Jambiya



Jambiya from Yemen

Jambiya, or jambia (Arabic script جمبية or جنبية), is the Arabic term for dagger, but it is generally used to describe a specific type of dagger with a short curved blade that is worn on a belt. Although the term jambiya is also used in other Arab countries, it is mostly associated with people of Yemen. Men typically above the age of 14 wear it as an accessory to their clothing.

Types of jambiya

Jambiya from Yemen in its sheath

Like most other weapons, jambiyas come in brands. The price of a jambiya varies between 500 Yemeni Rials to 200 million Yemeni Rials or 1 million US dollars. The brand of a jambiya is associated with the material with which it is made as well as its quality and design.

The hilt or handle

The most significant part of a jambiya is its hilt. In fact, the price of a jambiya is in most cases determined by its hilt. The saifani handle is known to be the most famous and is found on the daggers of higher class citizens. The saifani handle is made of rhinoceros' horns, which can cost up to $1500 USD per kilogram. Different versions of saifani handles can be distinguished by their colour. Most other jambiya handles are made of different types of horns or wood. Apart from the material used for the handle, the design and detail on the handle describe its value and the status of its owner.

The blade, sheath and belt

In the majority of cases the double-sided blade of the jambiya is constructed of steel. The blade is stored in a sheath, usually made of wood. The sheath is commonly decorated with various ornaments that signify status. These include silver work, semi-precious stones and leather. The sheath is fixed on a leather belt which is normally 2-3 inches thick. The belt is usually worn around the lower abdomen. There are often other items attached to this belt, such as a silver purse for containing money and change.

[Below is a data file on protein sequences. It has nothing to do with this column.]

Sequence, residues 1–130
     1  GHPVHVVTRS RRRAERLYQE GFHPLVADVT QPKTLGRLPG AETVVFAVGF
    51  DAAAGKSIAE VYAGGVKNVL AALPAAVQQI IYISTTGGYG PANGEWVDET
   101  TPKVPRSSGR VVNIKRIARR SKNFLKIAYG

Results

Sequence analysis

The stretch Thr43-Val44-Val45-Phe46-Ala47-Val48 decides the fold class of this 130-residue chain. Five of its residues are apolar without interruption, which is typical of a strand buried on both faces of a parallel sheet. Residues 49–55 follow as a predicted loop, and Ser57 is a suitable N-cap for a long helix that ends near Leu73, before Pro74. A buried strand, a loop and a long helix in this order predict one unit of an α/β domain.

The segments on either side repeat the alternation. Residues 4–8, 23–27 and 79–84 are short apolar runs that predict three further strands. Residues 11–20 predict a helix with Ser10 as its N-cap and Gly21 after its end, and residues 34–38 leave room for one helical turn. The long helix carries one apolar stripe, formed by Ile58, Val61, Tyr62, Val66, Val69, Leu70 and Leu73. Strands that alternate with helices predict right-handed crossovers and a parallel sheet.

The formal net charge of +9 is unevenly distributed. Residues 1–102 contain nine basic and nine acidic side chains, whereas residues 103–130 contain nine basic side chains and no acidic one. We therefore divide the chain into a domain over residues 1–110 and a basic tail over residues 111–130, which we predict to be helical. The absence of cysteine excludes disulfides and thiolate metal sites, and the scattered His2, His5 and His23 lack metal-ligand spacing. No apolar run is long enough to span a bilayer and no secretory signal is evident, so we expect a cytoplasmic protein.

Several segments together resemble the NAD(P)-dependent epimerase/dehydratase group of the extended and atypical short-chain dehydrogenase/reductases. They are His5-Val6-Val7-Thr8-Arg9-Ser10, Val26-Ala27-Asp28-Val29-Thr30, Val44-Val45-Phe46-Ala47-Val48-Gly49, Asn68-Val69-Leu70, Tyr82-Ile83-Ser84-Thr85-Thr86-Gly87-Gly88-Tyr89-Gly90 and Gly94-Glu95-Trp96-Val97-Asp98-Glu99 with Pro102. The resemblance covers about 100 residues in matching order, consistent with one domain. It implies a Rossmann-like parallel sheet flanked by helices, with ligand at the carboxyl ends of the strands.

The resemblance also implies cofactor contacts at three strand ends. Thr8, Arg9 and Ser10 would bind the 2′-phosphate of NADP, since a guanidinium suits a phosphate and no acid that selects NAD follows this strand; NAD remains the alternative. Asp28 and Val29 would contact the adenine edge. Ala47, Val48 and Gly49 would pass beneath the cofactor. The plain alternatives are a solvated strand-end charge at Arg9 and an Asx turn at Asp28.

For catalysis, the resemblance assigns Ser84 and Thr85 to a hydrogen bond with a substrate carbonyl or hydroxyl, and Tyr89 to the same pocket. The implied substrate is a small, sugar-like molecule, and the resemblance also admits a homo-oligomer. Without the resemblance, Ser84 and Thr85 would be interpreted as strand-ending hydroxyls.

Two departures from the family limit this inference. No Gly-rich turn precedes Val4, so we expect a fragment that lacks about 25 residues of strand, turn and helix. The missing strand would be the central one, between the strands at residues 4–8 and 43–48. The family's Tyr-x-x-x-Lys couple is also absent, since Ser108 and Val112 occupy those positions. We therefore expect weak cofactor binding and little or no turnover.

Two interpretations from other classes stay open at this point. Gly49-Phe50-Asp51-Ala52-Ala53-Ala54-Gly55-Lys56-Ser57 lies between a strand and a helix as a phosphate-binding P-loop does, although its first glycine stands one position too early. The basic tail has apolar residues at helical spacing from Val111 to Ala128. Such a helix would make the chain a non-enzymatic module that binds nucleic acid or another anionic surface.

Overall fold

Use of the jambiya

Despite the significance of the jambiya, it is still a weapon. Although people have used it in times of dispute, there are societal norms that must be followed in order to avoid defamation. The jambiya should only come out of its sheath in extreme cases of conflict. It is also commonly used in traditional events such as dances.

The Yemeni jambia

To celebrate a marriage, men dance with jambiyas drawn
A Yemeni boy selling jambiyas on the street of Ta'izz, Yemen.

A jambia is a short dagger worn by men in Yemen. The handle of a jambiya tells the status of the man who wears it.

Structure and make

Jambias are constituted of a handle, a blade, and a sheath in which the blade is held. It is made of a certain sort of wood, to hold the blade that is fixed to the waist in a neat way. The belt that holds the jambia is made of tanned leather, or some thick cloth. There are specialized markets and handicraft markets that decorate it with golden wires.

The jambia handle often tells of the social status of the man who wears it. Some Yemenite Jews are forbidden to wear the jambia, depending on region and period, while historically the best daggers were often made by Jews. Jambias are made of African rhinoceros horn, ivory and also Almoswae horn. A kilo of this often costs $1500. The manufacturers receive this through smugglers, due to the international ban on the substance. This contributed to the retreat in the manufacturing of valuable Jambias. The rhinoceros horn is considered to be the most precious. The Jambias value increases as it acquires modern and old qualities.

Qualities of jambia in Yemen

The most famous sort of the jambia is that which has a “saifani” handle. It has a dim yellowish luster. When it is clearer, it turns into a yellow color. This is called saifani heart.

Some of the saifani handles are called “asadi”, when they turn into greenish yellow. When the handle becomes whitish yellow, it is called Zaraf. There is also an albasali (onionish), kind whose color looks like that of a white onion.

The saifani jambia is often worn by dignitary persons; among them are the Hashimites (an Arab tribe which claims a direct bloodline to Muhammad), the judges, famous merchants and businessmen. Some of these Jambias cost about Yr 70 millions, like that of sheikh Al-Shaif, which goes back to Imam Yahia Hameed Aldeen. The ordinary jambias cost about Yr 10 - 50 thousands.

  1. ^ Hassan Al-Zaidi. "History of Yemeni Jambia - Yemen Times". www.yementimes.com. http://www.yementimes.com/article.shtml?i=866&p=culture&a=1. Retrieved 2008-06-09. 

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